There as much to enjoy as there is to frustrate in this short, sparky revival of the cult classic.
Battletoads is short. Really short. Too short.
I know it’s not expensive – not comparatively, anyway. I know many of us will be able to play for “free” courtesy of Xbox Game Pass. I’ll shortly launch into all the reasons why Battletoads amuses and frustrates me in equal measure, but it all comes with that giant, glowing, angry caveat. Yes, it’s pretty great, but this sequel – which some have been waiting for for 26 years, don’t forget – barely clocks in at five hours long on normal difficulty. Free or not, that’s not much of a run-time, is it?
Well, I say five hours, but I wasted exactly 1 hour and 9 minutes of that playtime, wandering around a peculiarly vexing environmental puzzle in the middle of a Metroidvania segment partway through. Oh, yeah, did I not say? There are Ori-esque sequences in Battletoads. And some twin-stick space invaders sections. A little Turbo Tunnel-ling. Hacking minigames. Quicktime events. Rock-paper-scissors. Occasionally, there’s even beat-’em-up action, too.
There are plenty of people who are going to hate that, by the way. The four acts take in a smorgasbord of mini-games and genres beyond the beat-’em-up mould. For me, however, I was grateful for the interruptions – if only to get a break from the physically exhausting combat, particularly after a prolonged boss battle, and break up the monotony of the by-rote brawls.
I had no idea what was going on at first, though. The control scheme is simple to play but tricky to master, and the numerous combos are just similar enough to confuse – is it LT + L stick + Y to chomp a fly and replenish your health, or LT + L + B? – but in fairness, it keeps you on your toads (sorry!). Each button doubles up with another action if you pull the left trigger, too, which means there’s no end of combos you can mete out. If you’re playing solo – which you probably will be, as there’s no online co-op – it’s useful to cycle through your roster as each toad has his own particular strengths and weakness, as well as handy bubblegum bombs to disarm even the sturdiest of competitors.
Zitz works best for me – his speed and dexterity make it that much easier to evade numerous incoming projectiles (of which there are loads, incidentally) – but I’ll admit it was more luck than judgement in the frenzy of combat. I wasn’t skillfully pulling off chained combos as much as I was frantically button-mashing and hoping for the best. The fight sequences are chaotic, and you’ll often find yourself overwhelmed not just by the strength of your enemies but by the number of them, too, particularly when you’re fighting on a platform set back from the camera.
The furious fighting is set against one of the best rock-band-esque scores I’ve heard for some time, and the game’s 90s Nickelodeon cartoon aesthetic is a triumph. It took me a little while to get accustomed to moving around the screen – though ostensibly a sidescroller, you’ll need to move freely around the screen to clear it, which includes whipping your tongue out to jump across gaps and evading as often as you attack – but eventually muscle-memory should prevail. While not as hard as its infamous predecessor, Battletoads still offers several tricky moments, including a finger-twisting rollercoaster/sledging trial from hell that my fat little fingers struggled to keep pace with.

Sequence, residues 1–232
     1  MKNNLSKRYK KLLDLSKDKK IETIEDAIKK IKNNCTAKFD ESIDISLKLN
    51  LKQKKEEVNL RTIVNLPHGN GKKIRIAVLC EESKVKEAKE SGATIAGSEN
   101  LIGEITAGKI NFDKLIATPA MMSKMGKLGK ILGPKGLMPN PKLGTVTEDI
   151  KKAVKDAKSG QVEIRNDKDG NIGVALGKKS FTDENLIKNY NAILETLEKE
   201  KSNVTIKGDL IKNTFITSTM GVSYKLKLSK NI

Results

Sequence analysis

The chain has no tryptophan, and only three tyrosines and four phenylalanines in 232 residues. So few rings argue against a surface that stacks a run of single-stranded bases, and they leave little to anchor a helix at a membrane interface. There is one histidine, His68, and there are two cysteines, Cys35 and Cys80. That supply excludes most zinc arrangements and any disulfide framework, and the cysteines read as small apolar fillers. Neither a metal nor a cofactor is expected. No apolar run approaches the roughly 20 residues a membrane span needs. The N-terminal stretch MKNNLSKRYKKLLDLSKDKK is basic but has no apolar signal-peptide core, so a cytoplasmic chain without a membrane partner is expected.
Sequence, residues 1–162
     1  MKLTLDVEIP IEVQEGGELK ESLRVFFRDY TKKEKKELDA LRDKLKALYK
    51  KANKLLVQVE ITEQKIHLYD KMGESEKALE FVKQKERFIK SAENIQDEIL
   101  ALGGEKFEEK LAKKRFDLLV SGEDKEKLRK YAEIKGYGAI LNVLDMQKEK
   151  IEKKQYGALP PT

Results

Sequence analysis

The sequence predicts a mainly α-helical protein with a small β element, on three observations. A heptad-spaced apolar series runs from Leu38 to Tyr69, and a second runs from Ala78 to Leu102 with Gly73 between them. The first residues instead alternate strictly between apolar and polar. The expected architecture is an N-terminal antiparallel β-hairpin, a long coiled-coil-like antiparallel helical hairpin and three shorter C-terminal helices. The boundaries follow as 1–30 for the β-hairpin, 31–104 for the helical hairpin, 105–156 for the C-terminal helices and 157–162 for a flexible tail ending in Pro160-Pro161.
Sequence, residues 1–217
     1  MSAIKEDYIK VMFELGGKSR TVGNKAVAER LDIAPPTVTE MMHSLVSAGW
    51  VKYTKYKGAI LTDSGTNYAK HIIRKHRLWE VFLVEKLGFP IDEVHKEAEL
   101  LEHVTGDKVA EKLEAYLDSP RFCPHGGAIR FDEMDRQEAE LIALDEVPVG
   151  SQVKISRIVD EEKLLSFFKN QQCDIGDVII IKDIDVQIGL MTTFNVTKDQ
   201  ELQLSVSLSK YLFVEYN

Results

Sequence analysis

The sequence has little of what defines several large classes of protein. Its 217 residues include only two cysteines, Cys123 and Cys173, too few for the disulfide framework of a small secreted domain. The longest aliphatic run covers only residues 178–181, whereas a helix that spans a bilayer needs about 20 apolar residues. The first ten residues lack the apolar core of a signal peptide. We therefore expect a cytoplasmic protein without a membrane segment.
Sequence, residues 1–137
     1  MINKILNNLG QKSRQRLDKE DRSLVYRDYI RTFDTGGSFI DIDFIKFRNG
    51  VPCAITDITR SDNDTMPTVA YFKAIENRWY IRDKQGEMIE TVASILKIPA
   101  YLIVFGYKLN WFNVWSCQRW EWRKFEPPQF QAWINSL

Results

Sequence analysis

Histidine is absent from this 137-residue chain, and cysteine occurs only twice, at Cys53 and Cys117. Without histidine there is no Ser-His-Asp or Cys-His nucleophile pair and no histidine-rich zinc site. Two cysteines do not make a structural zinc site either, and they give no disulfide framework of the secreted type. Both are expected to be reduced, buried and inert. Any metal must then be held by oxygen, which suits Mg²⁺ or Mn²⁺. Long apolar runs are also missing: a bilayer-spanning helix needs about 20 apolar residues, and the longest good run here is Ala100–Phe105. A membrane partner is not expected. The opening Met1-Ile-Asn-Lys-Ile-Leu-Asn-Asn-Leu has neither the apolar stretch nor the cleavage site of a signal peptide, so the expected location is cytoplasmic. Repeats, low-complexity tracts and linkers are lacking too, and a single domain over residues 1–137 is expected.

Oh, and can we talk about the ship reboot puzzle? Because I need to talk to someone about that effing reboot puzzle. Faced with a busy neon-green dashboard, your job is to manage the various buttons and dials via a plethora of mini-minigames which might have been great fun if they’d been clearly identifiable (but they weren’t, so it wasn’t). Because you’re covering the work of three players, the only way of knowing which puzzle you’re supposed to solve is to mess it up and prompt the fail icon, but even then it won’t be a given. I ended up spending far too long on this segment; not because I couldn’t do it, but because I was utterly unaware of what I was supposed to do. It’s the closest I’ve come to throwing my Xbox One through a window for some time.
As for the story? It’s entirely perfunctory, but it’s unlikely to grip you in any meaningful way. I don’t expect that’ll come as a surprise to you. Like every other part of this brawler, I suspect the jokes and humour will be polarising, but I can’t say I minded it myself, even though I’m old now and figured myself immune to this kind of puerility. Battletoads is self-aware, self-deprecating, and outrageously outlandish, yet it somehow always manages to fall on the just the right side of cringe thanks to its keen writing and excellent voice work. I was particularly fond of the Topians’ exchange about punishments, from threatening to afflict someone with combination skin to a particularly memorable exchange in which a security guard is punished by making him three inches shorter (“It doesn’t seem like much, but it will change his life”).
There’ll be some who will like to see the Battletoads banished for another 26 years, but I’m not one of them. With engaging visuals, a fantastic soundtrack, and gameplay that rarely overstays its welcome thanks to its frequent recycling of genres, I found it an amusing, if brief, adventure that invoked fond memories of throwing myself in front of the TV to watch cartoons after school.
Though it’s cheap(ish) at £17 – and even cheaper at the grand price of zero for Game Pass users – the truncated run-time and divisive humour are likely to irritate as many people as it entertains. But at least we should be able to finish this one, eh?